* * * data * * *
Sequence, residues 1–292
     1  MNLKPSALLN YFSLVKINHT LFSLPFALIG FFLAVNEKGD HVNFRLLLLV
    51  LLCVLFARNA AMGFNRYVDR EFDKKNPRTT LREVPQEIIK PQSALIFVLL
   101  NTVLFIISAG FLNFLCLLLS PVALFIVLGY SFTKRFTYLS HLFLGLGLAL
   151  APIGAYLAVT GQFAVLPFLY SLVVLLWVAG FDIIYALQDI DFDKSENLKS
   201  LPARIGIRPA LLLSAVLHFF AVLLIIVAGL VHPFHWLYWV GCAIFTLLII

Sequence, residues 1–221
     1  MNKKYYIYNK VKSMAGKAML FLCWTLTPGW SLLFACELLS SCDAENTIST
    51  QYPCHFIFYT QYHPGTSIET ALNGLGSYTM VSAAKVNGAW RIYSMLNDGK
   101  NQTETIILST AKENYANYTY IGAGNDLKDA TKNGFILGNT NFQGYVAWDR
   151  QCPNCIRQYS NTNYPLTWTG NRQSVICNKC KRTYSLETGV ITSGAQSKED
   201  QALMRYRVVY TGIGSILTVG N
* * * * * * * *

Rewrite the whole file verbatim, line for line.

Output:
Sequence, residues 1–292
     1  MNLKPSALLN YFSLVKINHT LFSLPFALIG FFLAVNEKGD HVNFRLLLLV
    51  LLCVLFARNA AMGFNRYVDR EFDKKNPRTT LREVPQEIIK PQSALIFVLL
   101  NTVLFIISAG FLNFLCLLLS PVALFIVLGY SFTKRFTYLS HLFLGLGLAL
   151  APIGAYLAVT GQFAVLPFLY SLVVLLWVAG FDIIYALQDI DFDKSENLKS
   201  LPARIGIRPA LLLSAVLHFF AVLLIIVAGL VHPFHWLYWV GCAIFTLLII

Sequence, residues 1–221
     1  MNKKYYIYNK VKSMAGKAML FLCWTLTPGW SLLFACELLS SCDAENTIST
    51  QYPCHFIFYT QYHPGTSIET ALNGLGSYTM VSAAKVNGAW RIYSMLNDGK
   101  NQTETIILST AKENYANYTY IGAGNDLKDA TKNGFILGNT NFQGYVAWDR
   151  QCPNCIRQYS NTNYPLTWTG NRQSVICNKC KRTYSLETGV ITSGAQSKED
   201  QALMRYRVVY TGIGSILTVG N